JOTTINGS#^ The Other Side Of Online Retail



Gucci’s decision to sue Alibaba, the world’s largest online retailer, for alleg­edly selling counterfeit products on its website is a pointer to the real story behind the online retail boom, which sometimes seems unrealistic.

People shop online mostly to get super dis­counts and it is this very phenomenon that makes them vulnerable to cheat­ing. There are hundreds of complaints registered with online retailers all over the world for selling counter­feit products to customers.

Closer home, things are no different. The In­dian market is full of such cases. Companies such as Gizmobaba, Chumbak and Sahil International have registered com­plaints against big online retailers such as Snapdeal, eBay, Flipkart and Ama­zon for selling counterfeits of their products.

However, online retail­ers get away because of the loopholes in the laws dealing with online retail­ing. Online retailers like Alibaba, Flipkart and Snapdeal are recognised as marketplaces for selling online by manufacturers. This definition gives them immunity from criminal


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Etailers give as much discount throughout theyearwhichisim- possibleforbrickand mortar stores

charges most of the times.

However, cases like Alibaba bring out the fact that products sold online at dirt cheap prices always run the risk of being coun­terfeit. It is impossible to sell original products at 20-30 per cent discount throughout the year. While it is understandable that e-tailers are spared from the operational cost of running brick and mortar stores, but such savings are not enough to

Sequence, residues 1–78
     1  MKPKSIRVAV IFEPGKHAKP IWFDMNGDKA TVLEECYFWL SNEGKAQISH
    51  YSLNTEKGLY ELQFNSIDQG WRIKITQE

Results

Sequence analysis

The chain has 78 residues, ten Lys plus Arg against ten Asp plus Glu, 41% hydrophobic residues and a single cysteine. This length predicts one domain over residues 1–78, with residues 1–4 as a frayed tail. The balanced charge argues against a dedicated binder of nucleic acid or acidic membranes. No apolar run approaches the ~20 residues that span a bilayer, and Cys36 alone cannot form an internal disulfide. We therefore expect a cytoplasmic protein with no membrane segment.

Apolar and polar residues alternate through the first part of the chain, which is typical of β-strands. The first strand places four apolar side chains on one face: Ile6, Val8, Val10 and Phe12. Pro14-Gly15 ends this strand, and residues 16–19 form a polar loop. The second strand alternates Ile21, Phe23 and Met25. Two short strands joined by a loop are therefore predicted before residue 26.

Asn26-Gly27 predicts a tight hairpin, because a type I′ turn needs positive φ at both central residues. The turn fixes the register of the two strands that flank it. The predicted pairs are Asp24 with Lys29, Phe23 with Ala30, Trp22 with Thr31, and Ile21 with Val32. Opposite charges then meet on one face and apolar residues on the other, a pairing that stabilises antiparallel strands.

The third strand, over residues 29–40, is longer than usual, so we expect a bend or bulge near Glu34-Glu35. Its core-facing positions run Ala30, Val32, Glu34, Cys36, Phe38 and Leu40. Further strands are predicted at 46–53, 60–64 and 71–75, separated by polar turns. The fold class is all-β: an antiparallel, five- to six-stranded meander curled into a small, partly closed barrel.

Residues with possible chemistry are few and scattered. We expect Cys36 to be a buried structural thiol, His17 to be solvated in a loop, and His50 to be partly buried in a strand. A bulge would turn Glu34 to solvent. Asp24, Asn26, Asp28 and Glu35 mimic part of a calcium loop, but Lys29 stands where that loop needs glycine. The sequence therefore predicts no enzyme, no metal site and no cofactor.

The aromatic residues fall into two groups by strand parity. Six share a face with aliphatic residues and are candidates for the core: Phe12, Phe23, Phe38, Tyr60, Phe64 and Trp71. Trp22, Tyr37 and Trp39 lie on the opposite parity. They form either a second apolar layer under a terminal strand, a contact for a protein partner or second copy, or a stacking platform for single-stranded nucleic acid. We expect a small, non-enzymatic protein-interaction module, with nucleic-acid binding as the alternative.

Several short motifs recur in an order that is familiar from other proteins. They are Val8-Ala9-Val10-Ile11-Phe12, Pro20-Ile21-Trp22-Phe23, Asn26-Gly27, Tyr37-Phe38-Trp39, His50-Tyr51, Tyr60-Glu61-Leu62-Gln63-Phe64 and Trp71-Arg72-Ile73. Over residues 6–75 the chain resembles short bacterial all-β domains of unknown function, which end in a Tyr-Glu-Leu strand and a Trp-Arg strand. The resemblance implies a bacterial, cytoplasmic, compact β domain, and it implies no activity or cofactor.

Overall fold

lnbia& Pakistan Clothing T-Shins allow a company to hold discount sales throughout the year. There is hardly a week when one does not find a sale on online platforms. In comparison, offline retailers just hold end of season sales.

Today, consumer electronics retailers like Hot and Croma offer competitive discounts at their stores. On the other hand, online retailers in their mega sale offers always find smart ways to offer heavy discounts. The online retail works on two fundamentals. First, online retailers whip up a frenzy to get huge traffic on their websites so that the customer ends up
buying something or the other even if he doesn’t ge: exactly what he is looking I for. Second, these retailer: due to their large customer 1 base, get companies to customise cheaper ver­sions of expensive models (in mobile handsets) so they can be sold at a heavy discount to the price of the original version.

While the naive cus­tomer may fall for such tricks a few times, in the age of information it will not be long before the cus­tomer becomes aware and 1 e-retailers are forced to exchange their good days with the bad days of the brick and mortar players.

—Neeraj Thakur

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